GP2 report Malaysia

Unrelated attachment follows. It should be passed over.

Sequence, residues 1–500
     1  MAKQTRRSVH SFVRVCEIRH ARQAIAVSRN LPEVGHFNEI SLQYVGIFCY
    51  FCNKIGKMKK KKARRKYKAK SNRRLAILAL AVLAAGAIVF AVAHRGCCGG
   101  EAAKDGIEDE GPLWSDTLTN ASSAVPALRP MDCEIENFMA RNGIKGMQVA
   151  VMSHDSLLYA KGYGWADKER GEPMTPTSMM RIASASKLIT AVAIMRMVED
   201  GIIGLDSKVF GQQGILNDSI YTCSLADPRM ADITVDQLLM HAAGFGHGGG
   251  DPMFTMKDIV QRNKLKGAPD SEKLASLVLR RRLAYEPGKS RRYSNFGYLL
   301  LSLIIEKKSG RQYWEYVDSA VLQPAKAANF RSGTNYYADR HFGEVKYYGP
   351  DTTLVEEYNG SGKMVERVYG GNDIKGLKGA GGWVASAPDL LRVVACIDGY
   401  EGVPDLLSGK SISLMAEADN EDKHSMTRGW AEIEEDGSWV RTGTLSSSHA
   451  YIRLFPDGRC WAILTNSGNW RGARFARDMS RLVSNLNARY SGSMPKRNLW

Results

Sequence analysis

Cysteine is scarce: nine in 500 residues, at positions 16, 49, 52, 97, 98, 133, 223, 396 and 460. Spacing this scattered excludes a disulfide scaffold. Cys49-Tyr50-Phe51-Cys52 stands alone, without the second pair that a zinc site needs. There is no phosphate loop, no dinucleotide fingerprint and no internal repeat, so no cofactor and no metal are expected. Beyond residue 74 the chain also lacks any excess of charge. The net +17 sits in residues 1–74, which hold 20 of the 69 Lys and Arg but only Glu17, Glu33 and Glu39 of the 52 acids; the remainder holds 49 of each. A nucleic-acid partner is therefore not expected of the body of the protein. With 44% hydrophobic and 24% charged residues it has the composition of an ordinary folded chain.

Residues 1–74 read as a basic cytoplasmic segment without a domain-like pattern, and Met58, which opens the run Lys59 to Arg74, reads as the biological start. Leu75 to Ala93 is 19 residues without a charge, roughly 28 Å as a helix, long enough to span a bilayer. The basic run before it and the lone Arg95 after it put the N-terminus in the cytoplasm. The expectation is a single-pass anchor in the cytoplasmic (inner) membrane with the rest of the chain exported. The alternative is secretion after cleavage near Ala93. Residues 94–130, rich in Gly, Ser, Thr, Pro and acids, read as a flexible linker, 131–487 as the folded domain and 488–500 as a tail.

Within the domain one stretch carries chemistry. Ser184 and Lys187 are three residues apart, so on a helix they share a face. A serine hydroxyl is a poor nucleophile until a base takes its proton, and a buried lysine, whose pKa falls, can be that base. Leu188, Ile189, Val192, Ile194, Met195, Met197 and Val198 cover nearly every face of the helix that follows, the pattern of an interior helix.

new tyre rules enhance gp2 spectacle in malaysiaThis year, the GP2 Series benefits from new tyre rules designed to mirror those in Formula One, with drivers having a choice of a softer and a harder compound for the first time. On the fast and abrasive Sepang circuit, the drivers had the P Zero medium and the hard compounds at their disposal: just as is the case in Formula One. Unlike Formula One though, they are not obliged to use both compounds during the race, as they have only one set of the softer compound available to them, as well as three sets of the harder rubber.The new regulations added an extra element to the opening GP2 race in Malaysia, the first round of the year, with the drivers forced to make the tyre decisions that will become a constant element if they make it through to Formula One.The first race, which took place over 30 laps on Saturday morning before Formula One qualifying, was won by Arden International’s Luis Razia from Brazil. Razia qualified second on the grid, but was able to get past pole-sitter Davide Valsecchi at the start, who nonetheless set the fastest lap on lap 24 using the hard tyre. The first GP2 race includes a compulsory pit stop, and Razia chose to use the hard tyre twice: a strategy that meant he could get away with just changing the rear wheels, as there was sufficient life left in the fronts for him to complete the race. Valsecchi started on the medium tyre and then changed to the hard tyre on lap 12. Of the 23 drivers who finished the race, seven used a medium-hard strategy, five used a hard-medium strategy and 11 used a hard-hard strategy. Of the seven drivers who adopted a medium-hard strategy, four finished in the top eight.There was a dramatic finish to the race when rain was announced with just four laps to go, prompting the teams to prepare Pirelli’s GP2 rain tyres, complete with their distinctive blue markings, for action. In the end though, they were not needed and Razia went on to win by 7.8 seconds from Valsecchi. Eighth place for James Calado, the winner of Pirelli’s GP2 scholarship prize last year in Abu Dhabi, meant that he started race two from pole position.Calado went on to win race two, which was a 22-lap sprint using the hard tyres on Sunday morning, with no pit stops. The Englishman led from pole and claimed victory from his Lotus team mate Esteban Gutierrez: Pirelli’s inaugural GP3 Champion in 2010. Brazilian Felipe Nasr was the second rookie on the podium to finish third, just ahead of Caterham’s Giedo van der Garde, who climbed up from ninth on the grid. Fifth place for Razia in race two was enough to ensure that he leads the championship after the opening two races.In the rising track temperatures, looking after the rear tyres was the key to controlling degradation, in order to ensure that they were still in good condition for the final race to the flag. Once more there was a threat of rain in the closing stages, which proved to be a false alarm.Pirelli’s racing manager Mario Isola commented: “In the first race, with the compulsory pit stops, we saw a wide variety of strategies that underlined how the introduction of a tyre choice has brought an extra element of interest to the racing. The drivers had to consider not only how their tyres would perform on the track, but also which choice would be quickest during the pit stops, with Razia’s decision to use the hard tyres twice – and therefore save on a front-tyre change – enabling him to make only a short stop, and go on to claim victory. Most drivers did not find a big difference in degradation between the two compounds in the first race, but degradation was certainly an issue in race two, with the drivers having to look after their tyres in order to ensure a consistent performance.”This year marks the longest ever GP2 season, with 12 rounds and 24 races. The next round of the Pirelli-equipped series takes place in Bahrain from April 20-22.

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